U.S. government buying up blueberries
In the face of industry pressure, the federal government is spending up to $4.4 million to complete a plan to help Maine’s blueberry industry by buying surplus crop.
The U.S. Department of Agriculture said in April it would buy up to $13 million in wild blueberries to help with falling prices and oversupply. Wild blueberries are one of Maine’s signature exports, and recent years of large harvests have left the industry with excess berries.
The USDA has bought $8.6 million in blueberries, the Wild Blueberry Commission of Maine said. Commission executive director Nancy McBrady said the group requested the federal agency spend the rest of the money. A USDA spokesperson confirmed on Wednesday that the agency is working to complete the purchase.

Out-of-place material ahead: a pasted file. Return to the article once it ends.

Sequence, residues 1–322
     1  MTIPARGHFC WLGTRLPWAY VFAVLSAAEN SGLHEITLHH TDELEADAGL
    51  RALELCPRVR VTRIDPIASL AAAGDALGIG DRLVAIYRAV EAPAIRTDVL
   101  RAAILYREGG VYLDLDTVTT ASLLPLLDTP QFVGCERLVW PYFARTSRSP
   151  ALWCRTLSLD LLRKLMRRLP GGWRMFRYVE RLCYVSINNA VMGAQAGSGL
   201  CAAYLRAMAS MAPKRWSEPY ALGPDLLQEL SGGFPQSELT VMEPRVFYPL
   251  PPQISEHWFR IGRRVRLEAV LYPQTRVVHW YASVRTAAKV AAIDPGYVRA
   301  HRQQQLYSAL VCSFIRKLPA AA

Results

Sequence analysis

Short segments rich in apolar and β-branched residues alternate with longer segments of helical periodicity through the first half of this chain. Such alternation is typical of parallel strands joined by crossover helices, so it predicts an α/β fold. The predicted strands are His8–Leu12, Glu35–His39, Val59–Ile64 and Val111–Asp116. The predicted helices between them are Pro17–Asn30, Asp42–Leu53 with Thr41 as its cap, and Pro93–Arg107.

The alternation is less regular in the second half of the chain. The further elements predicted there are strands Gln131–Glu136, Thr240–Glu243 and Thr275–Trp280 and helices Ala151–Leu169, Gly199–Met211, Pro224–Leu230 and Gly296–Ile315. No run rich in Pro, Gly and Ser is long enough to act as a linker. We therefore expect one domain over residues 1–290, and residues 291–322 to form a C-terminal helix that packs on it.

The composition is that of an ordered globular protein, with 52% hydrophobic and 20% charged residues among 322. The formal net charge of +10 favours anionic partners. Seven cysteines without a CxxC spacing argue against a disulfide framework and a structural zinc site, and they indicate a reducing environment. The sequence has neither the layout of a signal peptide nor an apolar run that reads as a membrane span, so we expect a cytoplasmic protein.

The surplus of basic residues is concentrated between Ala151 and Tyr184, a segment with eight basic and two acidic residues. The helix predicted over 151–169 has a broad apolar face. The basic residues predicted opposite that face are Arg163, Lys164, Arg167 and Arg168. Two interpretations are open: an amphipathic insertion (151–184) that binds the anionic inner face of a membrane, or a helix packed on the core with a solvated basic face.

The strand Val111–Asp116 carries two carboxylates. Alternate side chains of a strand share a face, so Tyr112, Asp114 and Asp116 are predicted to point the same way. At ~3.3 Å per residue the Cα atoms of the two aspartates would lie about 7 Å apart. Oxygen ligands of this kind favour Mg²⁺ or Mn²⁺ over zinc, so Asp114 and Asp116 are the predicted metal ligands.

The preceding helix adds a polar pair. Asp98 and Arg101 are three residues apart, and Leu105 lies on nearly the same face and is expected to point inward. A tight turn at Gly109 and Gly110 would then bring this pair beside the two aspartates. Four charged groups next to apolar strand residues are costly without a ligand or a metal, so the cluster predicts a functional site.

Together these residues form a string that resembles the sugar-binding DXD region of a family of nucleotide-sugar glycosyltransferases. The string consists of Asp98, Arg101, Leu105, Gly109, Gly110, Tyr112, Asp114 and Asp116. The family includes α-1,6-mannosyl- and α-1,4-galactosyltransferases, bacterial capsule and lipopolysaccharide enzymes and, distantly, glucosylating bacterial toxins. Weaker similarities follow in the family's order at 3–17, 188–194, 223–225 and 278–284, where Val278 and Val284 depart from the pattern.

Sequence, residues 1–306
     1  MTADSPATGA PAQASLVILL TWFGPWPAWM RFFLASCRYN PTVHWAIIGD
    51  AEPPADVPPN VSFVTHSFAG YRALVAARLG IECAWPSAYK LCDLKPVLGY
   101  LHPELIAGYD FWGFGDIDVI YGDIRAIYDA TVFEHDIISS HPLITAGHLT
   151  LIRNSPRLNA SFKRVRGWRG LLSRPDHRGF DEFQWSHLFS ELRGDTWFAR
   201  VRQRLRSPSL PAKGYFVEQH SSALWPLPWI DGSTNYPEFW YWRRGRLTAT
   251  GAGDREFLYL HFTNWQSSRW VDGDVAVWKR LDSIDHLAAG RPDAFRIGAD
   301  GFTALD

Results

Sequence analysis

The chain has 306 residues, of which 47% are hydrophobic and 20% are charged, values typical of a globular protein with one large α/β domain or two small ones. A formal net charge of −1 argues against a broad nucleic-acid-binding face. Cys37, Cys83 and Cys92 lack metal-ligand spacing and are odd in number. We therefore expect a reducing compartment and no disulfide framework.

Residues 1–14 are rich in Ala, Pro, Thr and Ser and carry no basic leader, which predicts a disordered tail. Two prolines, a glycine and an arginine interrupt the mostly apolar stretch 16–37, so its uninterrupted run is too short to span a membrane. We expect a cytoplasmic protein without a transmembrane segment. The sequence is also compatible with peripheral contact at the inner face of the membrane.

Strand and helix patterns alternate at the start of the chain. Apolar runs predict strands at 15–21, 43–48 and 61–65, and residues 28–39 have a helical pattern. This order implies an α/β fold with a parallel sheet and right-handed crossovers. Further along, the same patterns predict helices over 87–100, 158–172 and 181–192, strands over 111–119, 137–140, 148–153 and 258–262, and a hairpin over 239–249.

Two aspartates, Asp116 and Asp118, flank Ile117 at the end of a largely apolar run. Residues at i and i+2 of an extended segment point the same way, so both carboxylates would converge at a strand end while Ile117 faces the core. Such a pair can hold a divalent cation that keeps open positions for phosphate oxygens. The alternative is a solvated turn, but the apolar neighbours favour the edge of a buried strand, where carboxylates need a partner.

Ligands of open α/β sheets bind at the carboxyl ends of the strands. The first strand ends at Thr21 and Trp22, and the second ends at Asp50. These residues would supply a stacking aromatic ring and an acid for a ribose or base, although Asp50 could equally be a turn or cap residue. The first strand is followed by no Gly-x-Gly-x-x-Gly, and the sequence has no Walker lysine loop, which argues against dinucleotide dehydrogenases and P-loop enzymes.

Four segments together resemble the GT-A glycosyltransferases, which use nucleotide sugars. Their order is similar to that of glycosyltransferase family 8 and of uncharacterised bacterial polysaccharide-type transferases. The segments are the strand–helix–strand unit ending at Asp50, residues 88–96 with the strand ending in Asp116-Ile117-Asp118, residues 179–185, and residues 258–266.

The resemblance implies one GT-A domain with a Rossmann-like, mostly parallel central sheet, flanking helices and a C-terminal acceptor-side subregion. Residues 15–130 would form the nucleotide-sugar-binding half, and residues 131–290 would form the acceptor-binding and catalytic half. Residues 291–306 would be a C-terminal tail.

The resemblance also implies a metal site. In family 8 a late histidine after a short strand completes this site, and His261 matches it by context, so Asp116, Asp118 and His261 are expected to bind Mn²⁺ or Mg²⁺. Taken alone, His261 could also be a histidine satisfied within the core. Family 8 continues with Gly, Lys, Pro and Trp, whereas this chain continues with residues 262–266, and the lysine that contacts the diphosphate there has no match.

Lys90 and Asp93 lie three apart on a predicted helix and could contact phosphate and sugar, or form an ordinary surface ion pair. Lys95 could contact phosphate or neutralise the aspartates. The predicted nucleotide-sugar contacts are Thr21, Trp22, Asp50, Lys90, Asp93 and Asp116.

“It’s immensely helpful to our industry,” McBrady said.
Wild blueberries are different from cultivated blueberries in that they are smaller, have a more intense taste and are richer in antioxidants. Maine is by far the United States’ biggest producer of wild blueberries, which are also harvested in Atlantic Canada.
The USDA’s purchase of wild blueberries could eventually impact prices to consumers, which have been lower in recent years because of the big harvests and competition from Canada, where the dollar is weaker. Frozen wild blueberries slid from 90 cents per pound in 2011 to 60 cents per pound in 2014, the blueberry commission has said.